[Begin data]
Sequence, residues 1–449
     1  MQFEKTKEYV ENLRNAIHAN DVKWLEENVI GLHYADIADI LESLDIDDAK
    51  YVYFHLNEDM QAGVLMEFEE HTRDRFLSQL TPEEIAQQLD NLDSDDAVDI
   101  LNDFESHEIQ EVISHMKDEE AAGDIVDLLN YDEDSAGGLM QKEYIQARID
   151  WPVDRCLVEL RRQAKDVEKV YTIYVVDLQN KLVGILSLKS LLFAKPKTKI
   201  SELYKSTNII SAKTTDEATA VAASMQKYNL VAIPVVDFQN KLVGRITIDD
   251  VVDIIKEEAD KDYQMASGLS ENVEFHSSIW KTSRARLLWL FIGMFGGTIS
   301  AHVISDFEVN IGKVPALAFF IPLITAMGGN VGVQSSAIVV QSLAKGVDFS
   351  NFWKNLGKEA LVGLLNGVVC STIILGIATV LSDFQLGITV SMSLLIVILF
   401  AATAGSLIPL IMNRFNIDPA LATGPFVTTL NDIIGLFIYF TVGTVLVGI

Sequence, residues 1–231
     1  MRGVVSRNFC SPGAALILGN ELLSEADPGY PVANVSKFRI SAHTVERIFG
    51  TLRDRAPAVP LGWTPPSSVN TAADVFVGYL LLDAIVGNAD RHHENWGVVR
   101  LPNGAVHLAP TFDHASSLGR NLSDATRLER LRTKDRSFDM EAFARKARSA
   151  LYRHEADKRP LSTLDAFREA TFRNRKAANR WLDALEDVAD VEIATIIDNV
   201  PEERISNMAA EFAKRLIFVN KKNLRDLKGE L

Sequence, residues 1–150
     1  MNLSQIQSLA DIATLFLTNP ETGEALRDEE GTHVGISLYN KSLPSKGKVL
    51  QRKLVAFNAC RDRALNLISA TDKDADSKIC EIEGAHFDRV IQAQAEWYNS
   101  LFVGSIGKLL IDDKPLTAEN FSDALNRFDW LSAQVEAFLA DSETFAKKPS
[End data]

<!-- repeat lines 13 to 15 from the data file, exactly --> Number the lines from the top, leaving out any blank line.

    51  TLRDRAPAVP LGWTPPSSVN TAADVFVGYL LLDAIVGNAD RHHENWGVVR
   101  LPNGAVHLAP TFDHASSLGR NLSDATRLER LRTKDRSFDM EAFARKARSA
   151  LYRHEADKRP LSTLDAFREA TFRNRKAANR WLDALEDVAD VEIATIIDNV